The next term that describes Charlotte is Creative.  She is literally able to “make a silk purse from a sow’s ear,” because she is undaunted even when there are limited materials.  Her talent for improvisation is remarkable, and she is never rattled when things don’t go according to plan, or because there is a lack of something specific to get a job done.  Her dexterity and intelligence almost make her over-qualified for nursing, but she thrives on using her skills with people in need.  She brings relief and joy with her wherever she goes, and becomes a vital part of any team.  Her confidence and experience allow her to be able to perform on her own without supervision, or to be flexible as a team member, or to lead as example and organizer.  Charlotte McCall does not have an ax to grind, or a fragile ego that needs coddling, or to prove herself to anyone.  Her goal is to be the best nurse for the situation and the patient.  She assumes and respects that others feel the same way, and always assumes the best of others.

For the sake of brevity, I end with the word Qualified.  Charlotte has written published articles related to guidelines for families and children for Deaf Education world-wide.  She has presented at national conferences from San Francisco to Washington, D.C.  She is fluent in American Sign Language.  Charlotte has cared for infants, toddlers, teenagers, adults, and the elderly.  She has worked in hospitals, clinics, and home health.  She is a life-long student, eternally curious, adept at discussing biology, health, mathematics, chemistry, and all topics related to the care, growth, function, and healing of the human body.  Charlotte McCall embodies the spirit of what every health care professional strives for — understanding, creativity, empathy, and implementing her skills for the sake of doing everything she can to be helpful.

Please feel free to contact me if you have questions or want more information about Charlotte McCall.  I am happy to tell you how this remarkable woman as sustained me as a friend and affected my whole life and family.  I am familiar with her origins, her family for three generations.


Nancy (last name withheld)

Soup Mix in a Jar


Soup Mix in a Jar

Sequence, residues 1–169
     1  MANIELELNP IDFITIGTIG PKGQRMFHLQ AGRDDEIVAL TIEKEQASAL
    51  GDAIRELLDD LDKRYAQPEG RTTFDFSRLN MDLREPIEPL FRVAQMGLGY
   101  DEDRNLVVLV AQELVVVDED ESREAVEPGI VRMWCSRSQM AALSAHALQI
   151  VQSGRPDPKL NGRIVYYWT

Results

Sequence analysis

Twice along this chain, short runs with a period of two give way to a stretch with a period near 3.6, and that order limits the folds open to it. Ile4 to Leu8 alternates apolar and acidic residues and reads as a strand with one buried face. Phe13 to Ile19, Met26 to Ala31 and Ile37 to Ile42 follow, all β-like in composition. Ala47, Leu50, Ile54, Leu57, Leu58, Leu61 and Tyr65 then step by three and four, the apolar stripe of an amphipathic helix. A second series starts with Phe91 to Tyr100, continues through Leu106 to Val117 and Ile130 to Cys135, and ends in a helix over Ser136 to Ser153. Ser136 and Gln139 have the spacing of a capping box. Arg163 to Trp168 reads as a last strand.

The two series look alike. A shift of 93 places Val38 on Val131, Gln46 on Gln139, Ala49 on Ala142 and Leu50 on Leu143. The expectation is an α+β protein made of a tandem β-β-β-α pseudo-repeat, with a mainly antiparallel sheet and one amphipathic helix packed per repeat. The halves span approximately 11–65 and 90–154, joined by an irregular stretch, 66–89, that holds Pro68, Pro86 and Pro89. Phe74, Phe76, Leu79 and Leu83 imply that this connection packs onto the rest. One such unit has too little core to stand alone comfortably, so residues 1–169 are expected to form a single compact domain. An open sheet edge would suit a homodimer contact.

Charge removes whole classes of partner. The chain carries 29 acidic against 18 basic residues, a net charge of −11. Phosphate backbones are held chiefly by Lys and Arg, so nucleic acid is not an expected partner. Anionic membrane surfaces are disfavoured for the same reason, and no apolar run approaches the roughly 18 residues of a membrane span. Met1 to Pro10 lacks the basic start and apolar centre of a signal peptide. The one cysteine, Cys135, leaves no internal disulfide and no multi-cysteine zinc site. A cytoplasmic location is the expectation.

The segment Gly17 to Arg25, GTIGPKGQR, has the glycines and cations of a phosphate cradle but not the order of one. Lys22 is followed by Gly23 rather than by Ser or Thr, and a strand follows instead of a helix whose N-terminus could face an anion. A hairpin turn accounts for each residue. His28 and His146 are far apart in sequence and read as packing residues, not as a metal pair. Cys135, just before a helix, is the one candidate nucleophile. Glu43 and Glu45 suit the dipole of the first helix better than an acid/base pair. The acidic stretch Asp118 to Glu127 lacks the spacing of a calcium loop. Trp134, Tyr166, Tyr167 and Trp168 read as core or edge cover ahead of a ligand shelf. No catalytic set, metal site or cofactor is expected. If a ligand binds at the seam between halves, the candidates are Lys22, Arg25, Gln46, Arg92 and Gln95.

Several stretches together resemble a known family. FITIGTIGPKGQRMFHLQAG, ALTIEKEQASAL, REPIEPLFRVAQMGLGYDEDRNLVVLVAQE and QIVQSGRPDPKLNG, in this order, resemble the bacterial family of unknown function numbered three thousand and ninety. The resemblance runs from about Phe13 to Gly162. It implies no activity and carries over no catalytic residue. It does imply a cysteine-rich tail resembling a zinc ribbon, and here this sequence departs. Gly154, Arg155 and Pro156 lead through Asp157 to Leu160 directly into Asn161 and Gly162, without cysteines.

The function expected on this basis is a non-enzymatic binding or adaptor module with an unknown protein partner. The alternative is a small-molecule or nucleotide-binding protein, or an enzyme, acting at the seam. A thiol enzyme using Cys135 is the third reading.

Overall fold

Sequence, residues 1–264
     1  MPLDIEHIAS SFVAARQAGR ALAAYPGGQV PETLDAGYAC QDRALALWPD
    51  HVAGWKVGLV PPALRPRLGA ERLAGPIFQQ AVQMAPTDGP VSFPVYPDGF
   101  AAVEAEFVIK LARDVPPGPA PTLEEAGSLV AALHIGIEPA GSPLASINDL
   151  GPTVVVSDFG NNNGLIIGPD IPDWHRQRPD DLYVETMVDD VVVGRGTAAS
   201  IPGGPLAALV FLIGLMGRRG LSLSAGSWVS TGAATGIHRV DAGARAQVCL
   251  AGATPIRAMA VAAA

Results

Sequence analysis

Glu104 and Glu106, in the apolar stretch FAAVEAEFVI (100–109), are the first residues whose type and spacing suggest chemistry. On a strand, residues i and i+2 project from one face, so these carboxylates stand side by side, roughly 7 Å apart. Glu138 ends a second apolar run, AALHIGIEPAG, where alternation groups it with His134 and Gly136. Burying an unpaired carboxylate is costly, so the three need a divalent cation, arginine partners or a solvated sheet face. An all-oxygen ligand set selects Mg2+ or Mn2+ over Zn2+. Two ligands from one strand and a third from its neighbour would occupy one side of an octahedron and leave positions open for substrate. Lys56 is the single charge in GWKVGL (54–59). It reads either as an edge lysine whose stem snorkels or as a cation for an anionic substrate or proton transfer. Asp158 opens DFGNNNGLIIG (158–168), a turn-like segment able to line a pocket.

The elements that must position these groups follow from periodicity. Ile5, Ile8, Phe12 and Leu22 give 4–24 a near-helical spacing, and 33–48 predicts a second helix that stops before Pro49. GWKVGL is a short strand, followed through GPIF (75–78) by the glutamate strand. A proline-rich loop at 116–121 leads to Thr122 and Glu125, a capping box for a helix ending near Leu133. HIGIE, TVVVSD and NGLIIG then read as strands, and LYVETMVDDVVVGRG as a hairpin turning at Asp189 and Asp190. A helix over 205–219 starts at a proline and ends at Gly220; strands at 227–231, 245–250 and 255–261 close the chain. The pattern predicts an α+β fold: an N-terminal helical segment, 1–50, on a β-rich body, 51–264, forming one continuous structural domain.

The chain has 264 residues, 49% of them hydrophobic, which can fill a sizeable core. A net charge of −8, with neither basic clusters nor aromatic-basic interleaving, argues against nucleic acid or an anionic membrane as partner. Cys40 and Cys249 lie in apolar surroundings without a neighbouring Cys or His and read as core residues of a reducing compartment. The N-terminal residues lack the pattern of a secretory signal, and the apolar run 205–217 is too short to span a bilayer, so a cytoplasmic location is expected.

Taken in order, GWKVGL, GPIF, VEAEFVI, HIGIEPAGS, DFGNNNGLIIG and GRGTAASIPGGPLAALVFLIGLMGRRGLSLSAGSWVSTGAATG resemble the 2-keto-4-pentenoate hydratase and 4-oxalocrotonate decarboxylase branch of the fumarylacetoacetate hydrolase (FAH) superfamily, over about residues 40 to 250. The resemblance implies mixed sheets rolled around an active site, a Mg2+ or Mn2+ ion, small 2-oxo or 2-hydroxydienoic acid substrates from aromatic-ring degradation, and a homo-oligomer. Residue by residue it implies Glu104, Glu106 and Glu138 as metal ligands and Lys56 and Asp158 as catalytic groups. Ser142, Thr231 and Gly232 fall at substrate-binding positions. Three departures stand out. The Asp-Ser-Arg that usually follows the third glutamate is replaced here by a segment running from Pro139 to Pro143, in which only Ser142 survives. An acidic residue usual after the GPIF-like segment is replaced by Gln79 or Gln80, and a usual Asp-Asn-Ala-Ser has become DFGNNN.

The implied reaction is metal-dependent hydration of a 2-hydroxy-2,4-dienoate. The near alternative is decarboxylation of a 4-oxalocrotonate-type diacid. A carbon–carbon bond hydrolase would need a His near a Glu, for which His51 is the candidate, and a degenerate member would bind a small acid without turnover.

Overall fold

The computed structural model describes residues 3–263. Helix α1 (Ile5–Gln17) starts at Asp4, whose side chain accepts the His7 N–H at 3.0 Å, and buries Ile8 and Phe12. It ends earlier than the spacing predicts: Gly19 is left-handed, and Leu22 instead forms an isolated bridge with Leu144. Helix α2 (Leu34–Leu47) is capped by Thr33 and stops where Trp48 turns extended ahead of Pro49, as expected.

Your friends and family will love this pretty soup mix in a jar that makes a nice, easy supper!
Use different colored ingredients for a festive look.

Layer in a pint jar, as listed (top ingredient at the top
of the jar):
1/3 cup uncooked pasta (to fill the jar) (we used whole wheat mini-shells)
1/4 cup dry lentils (orange)
1/4 cup split peas (yellow)
1/4 cup uncooked rice
1/4 cup dry split peas (green)
2 T. pearl barley
1/4 cup lentils (dark green or brown)
1 bay leaves
2 T beef, chicken or veggie bouillon granules (or two cubes)
2 T cup dried onion flakes
1/4 t. black pepper
1 t. dried garlic powder or flakes
1/2 t. dried Italian seasoning

In a pint jar, layer the ingredients as listed. Using a jar funnel will help keep messes to a minimum. At the top, wrap the pasta in plastic wrap, and place in the jar. Add enough pasta to completely fill the jar all the way to the top (this will help keep the layers from shifting). Seal tightly. You can cover with decorative cloth and tie with a ribbon or string (Use a rubber band to secure, then remove the rubber band after the ribbon is tied).
Attach an instructions label to the jar.
Include the tomatoes, sauce, and some cornbread mix, if you like!

INSTRUCTIONS (tie this label to your jar)

How to make Soup in a Jar
1 half pound ground beef, turkey, pork, ham, or Italian sausage, or leave out the meat for a vegan version!
8 cups water
1 14 oz. can diced tomatoes, with juice
1 8 oz. can tomato sauce

TO PREPARE SOUP: Remove pasta from top of jar, and set aside. In a 6 qt pot over medium heat, brown beef; drain excess fat. Add soup mix, tomatoes, and water. Bring to a boil, then reduce heat to low. Cover, and simmer 1 hour. Stir in the tomato sauce; bring to a boil, add pasta. Cover and simmer 30 minutes. Serve with fresh cornbread. The person who finds the bay leaf gets to do the dishes! (serves 4-6)